The blackouts are supposed to happen regularly, and people are told to go online to figure out when they will be without power. But in practice, it doesn’t work that way. Some areas face blackouts several times a day, and sometimes the power outages last longer as Eskom tries to stabilize the situation.
Unless demand is radically curbed, South Africans can continue to expect similar crisis periods of “load shedding” for several more years. The government is trying to cut demand, especially household demand. A government minister suggested in Parliament on Wednesday that people drink less tea and coffee and go to bed earlier.
The power cuts sparked doom-laden headlines (“Back to the Dark Ages”) and so many tales of woe from angry South Africans that one reader of the Star newspaper, Tshegofatso Motaung, wrote to the letters page: “I noticed something -- all of them were white. I finally realized that the reality of many poor South Africans is finally catching up with those who have been more comfortable.” Power cuts, he said, were nothing new for most people.
South Africa accounts for more than half the electricity used in sub-Saharan Africa. After apartheid ended, the ANC doubled the number of households connected to electricity to 70% between 1994 and 1999.
But domestic use accounts for less than 20% of the total, with most power gobbled by manufacturing, mining and commercial users, and about 5% exported.
Philip Alves of the South African Institute of International Affairs had one word for the economic impact of the crisis: “Big.” He said estimates of the damage ranged from $357 million to $1.2 billion a day but added, “It’s impossible to calculate how much GDP is lost until you have gone through the process.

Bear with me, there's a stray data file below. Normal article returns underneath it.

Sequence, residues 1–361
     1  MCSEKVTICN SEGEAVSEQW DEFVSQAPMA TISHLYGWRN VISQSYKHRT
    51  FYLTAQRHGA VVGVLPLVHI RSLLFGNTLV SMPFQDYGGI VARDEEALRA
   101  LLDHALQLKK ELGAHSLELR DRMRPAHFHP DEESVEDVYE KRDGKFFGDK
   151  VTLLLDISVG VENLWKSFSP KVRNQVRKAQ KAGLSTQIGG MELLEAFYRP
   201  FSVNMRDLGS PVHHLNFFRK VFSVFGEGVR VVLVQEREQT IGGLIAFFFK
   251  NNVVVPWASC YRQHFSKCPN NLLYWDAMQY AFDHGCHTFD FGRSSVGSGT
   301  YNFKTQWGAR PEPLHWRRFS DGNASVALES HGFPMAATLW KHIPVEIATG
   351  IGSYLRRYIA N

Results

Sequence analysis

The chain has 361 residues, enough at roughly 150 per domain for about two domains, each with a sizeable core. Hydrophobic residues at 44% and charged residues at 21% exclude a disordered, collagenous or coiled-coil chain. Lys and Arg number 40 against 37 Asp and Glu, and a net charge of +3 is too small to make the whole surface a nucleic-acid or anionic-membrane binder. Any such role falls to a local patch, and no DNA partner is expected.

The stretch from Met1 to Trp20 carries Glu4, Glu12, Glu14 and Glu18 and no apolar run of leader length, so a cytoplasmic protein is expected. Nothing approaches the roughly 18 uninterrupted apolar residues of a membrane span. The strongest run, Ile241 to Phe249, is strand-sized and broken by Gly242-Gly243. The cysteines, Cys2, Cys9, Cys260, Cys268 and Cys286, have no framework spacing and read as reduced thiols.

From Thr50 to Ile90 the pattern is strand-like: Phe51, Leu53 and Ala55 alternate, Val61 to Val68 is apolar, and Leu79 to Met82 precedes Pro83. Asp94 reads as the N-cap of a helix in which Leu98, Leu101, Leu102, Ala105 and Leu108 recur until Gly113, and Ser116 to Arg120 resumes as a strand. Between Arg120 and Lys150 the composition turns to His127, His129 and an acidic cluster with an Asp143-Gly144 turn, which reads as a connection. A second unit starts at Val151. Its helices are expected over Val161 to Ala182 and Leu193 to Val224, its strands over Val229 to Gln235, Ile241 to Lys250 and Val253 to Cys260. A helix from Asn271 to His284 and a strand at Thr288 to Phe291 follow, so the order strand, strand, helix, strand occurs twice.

“Then there’s the perception effect, which is hugely important,” he said, noting the concern among foreign investors. “I think the indirect effect will be unpleasantly large.”
Gaunt said part of the problem was that South African electricity prices, among the cheapest in the world, sent the wrong message to users. For the poor, 50 kilowatt hours a month is free.
The government wanted private investors to step in, a vain hope, according to analysts, because they could not have competed with Eskom’s unrealistically low tariffs.
Until recently, business analysts were convinced that foreign investment in South Africa could only go up. Now that’s all in doubt, because investors want reliable power for production.
Eskom has called on businesses to cut electricity use by 15% to 20% and suggested quotas to cut demand, with hefty fines or power disconnection for those who use too much power.
“Demand quotas would have disastrous consequences if implemented in the way I am hearing it,” Gaunt said. “You [need to] implement them in a way that sends a good signal and modifies people’s behavior. If one suddenly slaps rationing on industry and commerce the whole year round, we are going to turn off the tap on all industry very quickly.”
Cornelis van der Waal, an analyst at Frost & Sullivan, a global growth consultancy, said the crisis would undermine South African firms’ international competitiveness and deter investment.
“It’s going to be hard for South African firms to come back and say, ‘Oh we are back on the map now,’ ” he said. --